20 December 2007

Extracting the truth from the myth

The Echo has again published an article about my case, this time highlighting the new evidence that has emerged to challenge the Prosecution case at my trial. Unfortunately, this article mixes up a few of the facts with some of the myths that were put out by the MoD and MI5 at the time of my arrest, when it seemed that those organisations were desperate to see military secrets where there were none.

However, the article does indicate the encouraging point that Members of Parliament, Mr Andrew Mackinlay and Mr James Duddridge, are looking into my case again. It is to be hoped that they will try to raise the key issues with those who can get to the bottom of what went wrong at my trial.

I have added the following comment to the page where the article appears on the Echo website:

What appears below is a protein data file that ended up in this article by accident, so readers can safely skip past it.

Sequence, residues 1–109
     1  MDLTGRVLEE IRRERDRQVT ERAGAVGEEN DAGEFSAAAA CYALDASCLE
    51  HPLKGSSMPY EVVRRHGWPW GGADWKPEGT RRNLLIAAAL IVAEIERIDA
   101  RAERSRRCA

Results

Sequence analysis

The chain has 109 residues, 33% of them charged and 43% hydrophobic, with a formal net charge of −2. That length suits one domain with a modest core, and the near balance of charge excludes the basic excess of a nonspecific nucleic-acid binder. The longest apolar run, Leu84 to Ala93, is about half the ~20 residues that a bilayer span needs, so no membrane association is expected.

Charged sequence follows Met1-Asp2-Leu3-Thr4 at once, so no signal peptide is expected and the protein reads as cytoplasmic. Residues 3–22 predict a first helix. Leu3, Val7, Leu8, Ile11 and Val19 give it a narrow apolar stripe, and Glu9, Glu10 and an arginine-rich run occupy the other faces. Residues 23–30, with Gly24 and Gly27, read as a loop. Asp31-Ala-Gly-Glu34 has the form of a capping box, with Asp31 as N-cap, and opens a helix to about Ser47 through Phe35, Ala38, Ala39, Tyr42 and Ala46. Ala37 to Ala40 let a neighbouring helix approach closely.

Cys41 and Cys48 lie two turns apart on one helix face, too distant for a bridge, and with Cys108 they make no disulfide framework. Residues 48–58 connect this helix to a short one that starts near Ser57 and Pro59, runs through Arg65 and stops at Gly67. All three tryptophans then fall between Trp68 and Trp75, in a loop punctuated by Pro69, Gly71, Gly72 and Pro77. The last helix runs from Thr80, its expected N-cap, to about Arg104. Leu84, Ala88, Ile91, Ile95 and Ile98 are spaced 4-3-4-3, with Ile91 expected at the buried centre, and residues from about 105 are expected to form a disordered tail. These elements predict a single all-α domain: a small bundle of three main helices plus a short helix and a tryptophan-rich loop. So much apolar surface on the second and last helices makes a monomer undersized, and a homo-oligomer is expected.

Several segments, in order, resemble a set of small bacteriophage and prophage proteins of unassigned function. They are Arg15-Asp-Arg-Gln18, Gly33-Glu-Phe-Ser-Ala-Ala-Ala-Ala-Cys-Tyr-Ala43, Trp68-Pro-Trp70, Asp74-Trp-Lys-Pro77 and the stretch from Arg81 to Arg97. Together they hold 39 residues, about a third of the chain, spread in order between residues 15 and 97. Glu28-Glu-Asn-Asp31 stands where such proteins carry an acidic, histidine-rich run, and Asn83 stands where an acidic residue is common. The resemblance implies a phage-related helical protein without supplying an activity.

It is a pity that this article repeats the same untrue account that has done the rounds for years. I never sold military secrets to the Russians, and certainly not to Viktor Oshchenko, who left the UK in 1979, 11 years before the period covered by my trial.

In fact, at my trial it could not be proved that I met any “Russian” contact, and MI5 had to admit that they had no evidence I had met anyone in the KGB. The claim about “secrets” is also simply ludicrous, because I had the lowest security clearance, and I was prohibited from even seeing a “secret” document, let alone having one in my possession.

The so-called secrets amounted to one document marked “restricted” and dated 1982 - a document that became obsolete in 1984 and replaced by a different specification that was marked “unclassified” - this point alone indicates that the MoD judged the information was NOT secret before my trial.

That an obsolete, low-level document was claimed to be a “top secret” just proves how the truth can be twisted by those that have no regard for British Justice. Unfortunately, lies take the place of evidence in cases such as mine.